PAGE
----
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Penguins on Parade: Wives and Daughters!

By (May 12, 2013) No Comment

 

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Some Penguin Classics make their courtroom cases with the blunt force of a bulldog trial lawyer, flatly asserting that their client deserves a better deal. Of course this is what all reprint editions should do, ideally: no book should assume a second life in print – books cost money to make and time to read, after all, and especially on the proving-ground of fiction, momentum should count for nothing. If there comes a time when “Beowulf” no longer speaks to readers, “Beowulf” should be taken off life support and allowed to lapse out of print (or at least as out of print as any classic can be at the dawn of the 21st century, when anybody with an Internet connection can download a free copy of any classic they want in about fifteen seconds). From its inception, Penguin Classics has had a knack for finding audiences where nobody predicted they’d be, so the risk of advocacy becomes a moral duty.

penguin wives & daughtersThe 1986 Penguin Classic reprint of the 1969 “Penguin English Library” edition of Mrs. Gaskell’s masterpiece Wives and Daughters, for instance, takes its advocacy very seriously: it considers the book to be one of the most underrated masterpieces in the fiction canon. “Jane Eyre, or Barchester Towers, or Pendennis are flabby in comparison to its wit, its pathos, its intelligence,” Laurence Lerner writes in his take-no-prisoners Introduction (since supplanted in more recent editions, sadly). “It raises Elizabeth Gaskell to the level when we can compare her with Jane Austen or George Eliot.”

Lerner makes his case for both book and author right away:

The great woman novelists all have two names: Jane Austen, Emily Bronte (or ‘Ellis Bell’), George Eliot, Virginia Woolf. The names may be false, or masculine, but at least they look like names. Behind them, dimly thronging the pages of the histories of literature, come the modestly feminine writers who shelter behind their marriage lines: Mrs Radcliffe, Mrs Humphrey Ward, Mrs Oliphant, Mrs Gaskell. Elizabeth Gasell was a modest woman, and would not have been surprised to find herself among the minor or even the unread. Those who have read only one of her books – it is invariably Cranford – may feel that she belongs there, assuming that her other novels are even more feminine, more limited, and perhaps not quite as charming. This book will give them the pleasure of discovering their mistake.

As charming (and deceptively subversive) as Cranford is, Lerner is certainly right that it’s a quick Homeric hymn compared to the Iliad that is Wives and Daughters, and although every plot-strand of the book is bracingly complex, the heart of that different elevation is the relationship between the book’s heroine, the virtuous Molly Gibson, and her stepsister Cynthia, who’s franker and more jadedly vivacious. The book has a great deal of action and plot in its 700 pages, but I’m sure I’m not the only reader who’d have been perfectly happy eavesdropping on Molly and Cynthia the whole time (or at least more time than we get) – imagine prolonged and slightly more even-footed dialogue between Jane and Elizabeth Bennet, and you’ll almost have it:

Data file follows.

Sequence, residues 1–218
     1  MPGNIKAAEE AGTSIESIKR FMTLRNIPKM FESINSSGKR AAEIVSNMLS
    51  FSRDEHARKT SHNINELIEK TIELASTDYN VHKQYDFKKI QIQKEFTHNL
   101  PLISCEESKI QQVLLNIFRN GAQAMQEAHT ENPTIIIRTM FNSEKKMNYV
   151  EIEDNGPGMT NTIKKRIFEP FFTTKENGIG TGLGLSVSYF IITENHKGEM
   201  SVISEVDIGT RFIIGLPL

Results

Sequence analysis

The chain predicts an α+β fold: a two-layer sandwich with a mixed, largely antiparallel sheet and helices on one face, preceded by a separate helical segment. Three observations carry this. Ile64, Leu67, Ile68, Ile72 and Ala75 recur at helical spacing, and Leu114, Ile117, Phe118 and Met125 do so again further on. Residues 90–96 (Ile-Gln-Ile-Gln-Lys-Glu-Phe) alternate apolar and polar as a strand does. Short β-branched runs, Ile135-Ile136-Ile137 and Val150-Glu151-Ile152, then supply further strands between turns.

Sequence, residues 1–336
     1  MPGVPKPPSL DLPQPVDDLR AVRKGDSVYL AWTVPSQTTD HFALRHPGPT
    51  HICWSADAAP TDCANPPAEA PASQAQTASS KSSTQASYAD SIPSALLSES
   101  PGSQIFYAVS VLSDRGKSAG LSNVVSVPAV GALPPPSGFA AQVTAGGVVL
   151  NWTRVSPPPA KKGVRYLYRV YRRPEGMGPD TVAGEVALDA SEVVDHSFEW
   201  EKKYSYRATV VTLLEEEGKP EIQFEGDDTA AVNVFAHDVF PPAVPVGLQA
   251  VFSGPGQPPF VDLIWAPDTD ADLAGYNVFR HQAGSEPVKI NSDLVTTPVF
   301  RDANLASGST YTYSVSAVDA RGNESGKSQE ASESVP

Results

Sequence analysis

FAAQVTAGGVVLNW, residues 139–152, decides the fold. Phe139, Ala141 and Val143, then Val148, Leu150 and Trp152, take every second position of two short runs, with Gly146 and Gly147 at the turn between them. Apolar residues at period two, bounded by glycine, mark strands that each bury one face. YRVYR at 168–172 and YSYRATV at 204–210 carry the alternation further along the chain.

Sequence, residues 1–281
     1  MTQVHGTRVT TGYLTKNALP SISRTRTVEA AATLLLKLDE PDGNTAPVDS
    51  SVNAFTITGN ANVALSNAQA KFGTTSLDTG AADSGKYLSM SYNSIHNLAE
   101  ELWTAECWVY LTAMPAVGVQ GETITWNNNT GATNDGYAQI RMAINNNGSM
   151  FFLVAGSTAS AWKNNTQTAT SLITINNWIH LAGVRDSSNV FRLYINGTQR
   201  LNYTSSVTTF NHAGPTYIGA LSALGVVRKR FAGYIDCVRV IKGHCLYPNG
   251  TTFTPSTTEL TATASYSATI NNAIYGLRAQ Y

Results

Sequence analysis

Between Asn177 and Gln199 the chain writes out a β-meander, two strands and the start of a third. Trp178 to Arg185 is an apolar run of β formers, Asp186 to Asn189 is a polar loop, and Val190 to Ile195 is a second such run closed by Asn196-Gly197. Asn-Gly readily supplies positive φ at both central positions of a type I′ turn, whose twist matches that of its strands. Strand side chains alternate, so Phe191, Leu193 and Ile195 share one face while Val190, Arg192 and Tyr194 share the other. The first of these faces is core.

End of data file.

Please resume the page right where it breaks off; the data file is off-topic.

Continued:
“What did he tell you?” asked Cynthia, almost fiercely.

“Nothing but that. Oh, yes! He praised your beauty, and wanted me to tell you what he had said.”

“I should have hated you if you had,” said Cynthia.

“Of course I should never have thought of doing such a thing,” replied Molly. “I didn’t like him; and Lady Harriet spoke of him the next day, as if he wasn’t a person to be liked.”

Cynthia was quite silent. At length she said:

“I wish I was good!”

“So do I,” said Molly simply.

“Nonsense, Molly! You are good. At least, if you’re not good, what am I? There’s rule-of-three sum for you to do! But it’s no use talking; I lucy reads wives and daughtersam not good, and I never shall be now. Perhaps I might be a heroine still, but I shall never be a good woman, I know.”

“Do you think it easier to be a heroine?”

“Yes, as far as one knows of heroines from history. I’m capable of a great jerk, an effort, and then a relaxation – but steady, every-day goodness is beyond me. I must be a moral kangaroo!”

That question – the difference, if any, between a good woman and a heroine – runs all through Wives and Daughters (you might even say it’s adumbrated in the title), as was perhaps predictable when considering that the author was, as Lerner puts it, “a busy, happy woman who wrote her novels in the interstices of family life.” The narrative is big and boisterous like a bright choral performance, and it was all but – but not quite (think of the last-second scorpion-sting at the end of Northanger Abbey) – over when Mrs. Gaskell died suddenly in November of 1865 (“What promised to be the crowning work of a life is a memorial of death,” as her Cornhill  editor put it). But that’s OK – plenty of classics come to us incomplete. Penguin honors them anyway, as is only right.